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I am trying to populate a field in a table (or create a separate vector altogether, whichever is easier) with consecutive numbers from 1 to n, where n is the total number of records that share the same factor level, and then back to 1 for the next level, etc. That is, for a table like this

data<-matrix(c(rep('A',4),rep('B',3),rep('C',4),rep('D',2)),ncol=1)

the result should be a new column (e.g. "sample") as follows:

sample<-c(1,2,3,4,1,2,3,1,2,3,4,1,2)
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Welcome to Stack Overflow! You don't need to include signature in your post - your user card is added automatically. Read Help for more details. –  Artemix Jul 29 '13 at 12:19
2  
What's the expected result if the sequence of letter is for example: c(A,A,B,B,A) ? c(1,2,1,2,1) or c(1,2,1,2,3) ? –  digEmAll Jul 29 '13 at 12:57

5 Answers 5

You can get it as follows, using ave:

data <- data.frame(data)
new <- ave(rep(1,nrow(data)),data$data,FUN=cumsum)
all.equal(new,sample) # check if it's right.
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You can use rle function together with lapply :

sample <- unlist(lapply(rle(data[,1])$lengths,FUN=function(x){1:x}))

data <- cbind(data,sample)

Or even better, you can combine rle and sequence in the following one-liner (thanks to @Arun suggestion)

data <- cbind(data,sequence(rle(data[,1])$lengths))

> data
      [,1] [,2]
 [1,] "A"  "1" 
 [2,] "A"  "2" 
 [3,] "A"  "3" 
 [4,] "A"  "4" 
 [5,] "B"  "1" 
 [6,] "B"  "2" 
 [7,] "B"  "3" 
 [8,] "C"  "1" 
 [9,] "C"  "2" 
[10,] "C"  "3" 
[11,] "C"  "4" 
[12,] "D"  "1" 
[13,] "D"  "2" 
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Much better! I completely forgot sequence function, thanks :) –  digEmAll Jul 29 '13 at 12:51
1  
Sure, no problem. There's a bit of ambiguity in the question as to how he'd like to handle same levels that are not consecutive.. That is, if "C" were to occur again after "D", would he want to count it with the earlier "C" or not.. If not, then your solution is valid, if he'd like to count it together, then the other solutions are valid. –  Arun Jul 29 '13 at 12:52
1  
@Arun: that's a good point... I thought the OP wanted to count the consecutive sequence but now I'm not sure anymore... let's ask... –  digEmAll Jul 29 '13 at 12:55
    
Sorry about the ambiguity. If that should happen, those records should be counted together. However, I take care that that doesn't happen on an earlier step of my workflow. Almost all solutions suggested are suitable. I have so much to learn! –  user2630096 Jul 29 '13 at 13:10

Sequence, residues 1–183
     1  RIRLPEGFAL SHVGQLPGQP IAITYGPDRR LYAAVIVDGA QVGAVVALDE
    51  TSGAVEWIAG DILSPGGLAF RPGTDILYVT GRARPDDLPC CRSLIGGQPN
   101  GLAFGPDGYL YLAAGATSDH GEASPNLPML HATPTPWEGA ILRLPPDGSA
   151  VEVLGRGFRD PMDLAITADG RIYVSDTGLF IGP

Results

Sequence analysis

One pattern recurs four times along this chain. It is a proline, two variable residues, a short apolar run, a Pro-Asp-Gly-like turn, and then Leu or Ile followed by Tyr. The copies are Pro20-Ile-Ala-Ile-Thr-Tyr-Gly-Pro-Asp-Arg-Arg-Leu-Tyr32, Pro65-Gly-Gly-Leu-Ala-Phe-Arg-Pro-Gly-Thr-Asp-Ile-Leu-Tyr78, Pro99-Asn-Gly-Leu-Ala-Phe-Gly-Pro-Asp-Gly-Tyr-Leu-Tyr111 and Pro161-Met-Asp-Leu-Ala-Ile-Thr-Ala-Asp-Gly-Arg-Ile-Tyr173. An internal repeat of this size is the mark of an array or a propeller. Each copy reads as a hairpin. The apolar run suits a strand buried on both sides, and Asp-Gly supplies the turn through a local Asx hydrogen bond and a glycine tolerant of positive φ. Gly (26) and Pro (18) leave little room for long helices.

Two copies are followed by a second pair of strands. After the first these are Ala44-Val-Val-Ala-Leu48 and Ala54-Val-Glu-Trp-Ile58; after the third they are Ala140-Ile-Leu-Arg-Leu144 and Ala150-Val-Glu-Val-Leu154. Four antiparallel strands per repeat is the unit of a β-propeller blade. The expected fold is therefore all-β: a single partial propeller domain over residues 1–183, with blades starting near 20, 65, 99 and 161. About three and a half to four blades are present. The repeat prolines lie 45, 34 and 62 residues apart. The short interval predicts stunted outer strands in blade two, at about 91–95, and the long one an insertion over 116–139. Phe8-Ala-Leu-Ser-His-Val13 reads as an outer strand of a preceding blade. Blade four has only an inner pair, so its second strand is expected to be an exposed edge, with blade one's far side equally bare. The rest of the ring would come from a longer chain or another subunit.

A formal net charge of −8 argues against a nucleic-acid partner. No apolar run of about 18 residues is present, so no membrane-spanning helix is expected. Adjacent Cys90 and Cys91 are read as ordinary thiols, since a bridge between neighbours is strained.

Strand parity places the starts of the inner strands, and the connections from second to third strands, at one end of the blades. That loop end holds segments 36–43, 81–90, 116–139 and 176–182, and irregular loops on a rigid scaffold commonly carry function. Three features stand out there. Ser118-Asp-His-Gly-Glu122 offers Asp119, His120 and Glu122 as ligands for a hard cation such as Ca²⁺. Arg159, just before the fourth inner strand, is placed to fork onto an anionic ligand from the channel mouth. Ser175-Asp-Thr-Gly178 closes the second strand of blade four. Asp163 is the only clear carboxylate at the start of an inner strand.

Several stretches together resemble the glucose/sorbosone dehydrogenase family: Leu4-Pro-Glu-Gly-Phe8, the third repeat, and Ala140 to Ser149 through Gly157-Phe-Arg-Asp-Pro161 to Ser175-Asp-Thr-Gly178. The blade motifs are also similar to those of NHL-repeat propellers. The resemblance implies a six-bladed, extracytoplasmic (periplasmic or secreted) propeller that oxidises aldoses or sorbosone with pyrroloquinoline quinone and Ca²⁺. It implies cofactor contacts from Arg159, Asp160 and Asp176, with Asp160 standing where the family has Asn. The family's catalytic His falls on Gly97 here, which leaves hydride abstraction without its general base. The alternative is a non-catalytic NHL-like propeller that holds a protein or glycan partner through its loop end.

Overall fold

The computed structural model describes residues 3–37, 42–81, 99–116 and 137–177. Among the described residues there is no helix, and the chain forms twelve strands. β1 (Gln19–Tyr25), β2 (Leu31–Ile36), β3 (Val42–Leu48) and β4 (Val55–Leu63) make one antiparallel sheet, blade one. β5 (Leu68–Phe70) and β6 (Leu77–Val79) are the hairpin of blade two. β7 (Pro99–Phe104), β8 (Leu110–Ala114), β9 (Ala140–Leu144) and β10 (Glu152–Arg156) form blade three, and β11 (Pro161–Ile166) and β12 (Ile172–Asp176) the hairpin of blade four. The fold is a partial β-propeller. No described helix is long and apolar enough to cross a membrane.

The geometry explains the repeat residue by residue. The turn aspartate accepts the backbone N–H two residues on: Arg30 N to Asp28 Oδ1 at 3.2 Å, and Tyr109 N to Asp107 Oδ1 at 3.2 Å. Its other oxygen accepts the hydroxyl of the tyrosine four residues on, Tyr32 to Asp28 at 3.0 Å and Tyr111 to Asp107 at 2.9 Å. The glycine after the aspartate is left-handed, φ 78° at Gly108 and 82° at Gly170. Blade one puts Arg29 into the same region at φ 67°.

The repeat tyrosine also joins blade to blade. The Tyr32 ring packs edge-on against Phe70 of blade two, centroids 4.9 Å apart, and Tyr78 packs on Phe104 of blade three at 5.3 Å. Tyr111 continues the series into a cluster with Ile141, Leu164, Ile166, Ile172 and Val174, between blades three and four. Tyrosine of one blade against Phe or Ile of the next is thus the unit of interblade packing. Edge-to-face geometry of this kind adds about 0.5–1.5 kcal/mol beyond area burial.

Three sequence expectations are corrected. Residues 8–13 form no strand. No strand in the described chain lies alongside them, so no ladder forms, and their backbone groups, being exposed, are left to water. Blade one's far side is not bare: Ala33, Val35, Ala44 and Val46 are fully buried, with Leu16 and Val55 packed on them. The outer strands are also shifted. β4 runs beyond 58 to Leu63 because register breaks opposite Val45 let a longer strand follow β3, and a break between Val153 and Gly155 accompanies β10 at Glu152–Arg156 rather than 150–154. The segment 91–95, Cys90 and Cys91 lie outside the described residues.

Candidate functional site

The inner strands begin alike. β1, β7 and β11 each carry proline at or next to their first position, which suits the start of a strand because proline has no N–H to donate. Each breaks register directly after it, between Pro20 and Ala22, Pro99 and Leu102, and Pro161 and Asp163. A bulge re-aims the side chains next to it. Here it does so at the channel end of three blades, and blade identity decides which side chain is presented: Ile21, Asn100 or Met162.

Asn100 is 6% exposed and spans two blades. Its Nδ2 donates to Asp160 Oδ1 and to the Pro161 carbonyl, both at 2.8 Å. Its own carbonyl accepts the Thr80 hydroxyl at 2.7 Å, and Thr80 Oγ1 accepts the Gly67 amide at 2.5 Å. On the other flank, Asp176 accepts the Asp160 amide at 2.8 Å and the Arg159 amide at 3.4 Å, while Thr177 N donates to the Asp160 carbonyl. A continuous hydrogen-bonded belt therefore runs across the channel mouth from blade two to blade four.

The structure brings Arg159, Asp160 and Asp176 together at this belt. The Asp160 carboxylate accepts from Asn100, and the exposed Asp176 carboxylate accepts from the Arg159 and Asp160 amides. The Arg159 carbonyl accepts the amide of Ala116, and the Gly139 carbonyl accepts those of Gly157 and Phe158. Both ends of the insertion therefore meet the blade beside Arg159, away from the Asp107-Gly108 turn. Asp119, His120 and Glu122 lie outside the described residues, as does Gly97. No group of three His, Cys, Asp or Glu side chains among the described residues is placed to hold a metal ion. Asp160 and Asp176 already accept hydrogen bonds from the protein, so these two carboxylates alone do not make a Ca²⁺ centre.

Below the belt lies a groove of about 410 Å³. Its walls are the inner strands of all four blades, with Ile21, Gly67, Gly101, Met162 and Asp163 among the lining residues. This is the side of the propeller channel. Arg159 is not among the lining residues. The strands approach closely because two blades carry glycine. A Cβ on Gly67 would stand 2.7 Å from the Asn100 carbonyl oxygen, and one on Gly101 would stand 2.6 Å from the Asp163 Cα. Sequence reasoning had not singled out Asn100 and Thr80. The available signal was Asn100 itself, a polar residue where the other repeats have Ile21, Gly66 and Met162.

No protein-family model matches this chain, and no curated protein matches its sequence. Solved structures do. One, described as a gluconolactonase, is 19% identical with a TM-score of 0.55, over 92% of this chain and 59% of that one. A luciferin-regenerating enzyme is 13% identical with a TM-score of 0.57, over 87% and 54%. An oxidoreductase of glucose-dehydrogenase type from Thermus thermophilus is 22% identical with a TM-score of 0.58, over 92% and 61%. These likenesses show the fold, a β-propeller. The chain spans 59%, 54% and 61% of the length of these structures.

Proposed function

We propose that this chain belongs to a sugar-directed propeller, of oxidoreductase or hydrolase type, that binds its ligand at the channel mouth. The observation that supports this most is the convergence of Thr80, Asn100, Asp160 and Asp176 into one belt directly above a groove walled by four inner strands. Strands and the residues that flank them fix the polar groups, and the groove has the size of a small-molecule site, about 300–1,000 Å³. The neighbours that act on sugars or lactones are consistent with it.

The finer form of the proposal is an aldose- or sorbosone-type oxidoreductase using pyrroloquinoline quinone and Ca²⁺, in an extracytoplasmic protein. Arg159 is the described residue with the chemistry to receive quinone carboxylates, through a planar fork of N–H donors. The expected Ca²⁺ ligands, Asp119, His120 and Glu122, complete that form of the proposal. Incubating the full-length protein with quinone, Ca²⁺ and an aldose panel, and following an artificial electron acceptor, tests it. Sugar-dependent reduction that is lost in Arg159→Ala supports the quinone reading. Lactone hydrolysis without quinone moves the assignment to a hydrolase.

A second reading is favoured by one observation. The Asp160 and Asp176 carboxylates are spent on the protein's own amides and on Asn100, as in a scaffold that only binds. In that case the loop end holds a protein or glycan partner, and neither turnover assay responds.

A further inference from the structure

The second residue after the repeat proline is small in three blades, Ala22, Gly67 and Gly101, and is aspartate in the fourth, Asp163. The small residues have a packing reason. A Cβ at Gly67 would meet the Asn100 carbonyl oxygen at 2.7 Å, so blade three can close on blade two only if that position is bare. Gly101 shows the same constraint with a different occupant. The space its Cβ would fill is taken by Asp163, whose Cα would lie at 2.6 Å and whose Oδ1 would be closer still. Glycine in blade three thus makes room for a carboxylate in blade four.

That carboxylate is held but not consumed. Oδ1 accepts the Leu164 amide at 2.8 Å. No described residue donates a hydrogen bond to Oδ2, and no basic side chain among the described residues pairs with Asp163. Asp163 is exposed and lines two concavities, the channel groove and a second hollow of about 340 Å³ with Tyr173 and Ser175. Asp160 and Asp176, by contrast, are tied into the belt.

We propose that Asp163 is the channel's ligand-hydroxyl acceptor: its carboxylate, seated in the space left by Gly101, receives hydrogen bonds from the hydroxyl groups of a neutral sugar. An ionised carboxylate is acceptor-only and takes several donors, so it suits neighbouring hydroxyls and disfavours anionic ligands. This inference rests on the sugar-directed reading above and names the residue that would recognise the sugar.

There are lots of different ways of achieving this, but I prefer to use ddply() from plyr because the logic seems very consistent to me. I think it makes more sense to be working with a data.frame (your title talks about levels of a factor):

dat <- data.frame(ID = c(rep('A',4),rep('B',3),rep('C',4),rep('D',2)))
library(plyr)
ddply(dat, .(ID), summarise, sample = 1:length(ID))
#    ID sample
# 1   A      1
# 2   A      2
# 3   A      3
# 4   A      4
# 5   B      1
# 6   B      2
# 7   B      3
# 8   C      1
# 9   C      2
# 10  C      3
# 11  C      4
# 12  D      1
# 13  D      2
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My answer:

sample <- unlist(lapply(levels(factor(data)), function(x)seq_len(sum(factor(data)==x))))
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    factors <- unique(data)
    f1 <- length(which(data == factors[1]))
    ...
    fn <- length(which(data == factors[length(factors)]))

You can use a for loop or 'apply' family to speed that part up.

Then,

    sample <- c(1:f1, 1:f2, ..., 1:fn)

Once again you can use a for loop for that part. Here is the full script you can use:

    data<-matrix(c(rep('A',4),rep('B',3),rep('C',4),rep('D',2)),ncol=1)

    factors <- unique(data)
    f <- c()

    for(i in 1:length(factors)) {
      f[i] <- length(which(data == factors[i]))
    }

    sample <- c()

   for(i in 1:length(f)) {
      sample <- c(sample, 1:f[i])
    }

    > sample
     [1] 1 2 3 4 1 2 3 1 2 3 4 1 2
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Here is an approach that I can follow all the way through. However, most of the other solutions worked too! –  user2630096 Jul 29 '13 at 13:13

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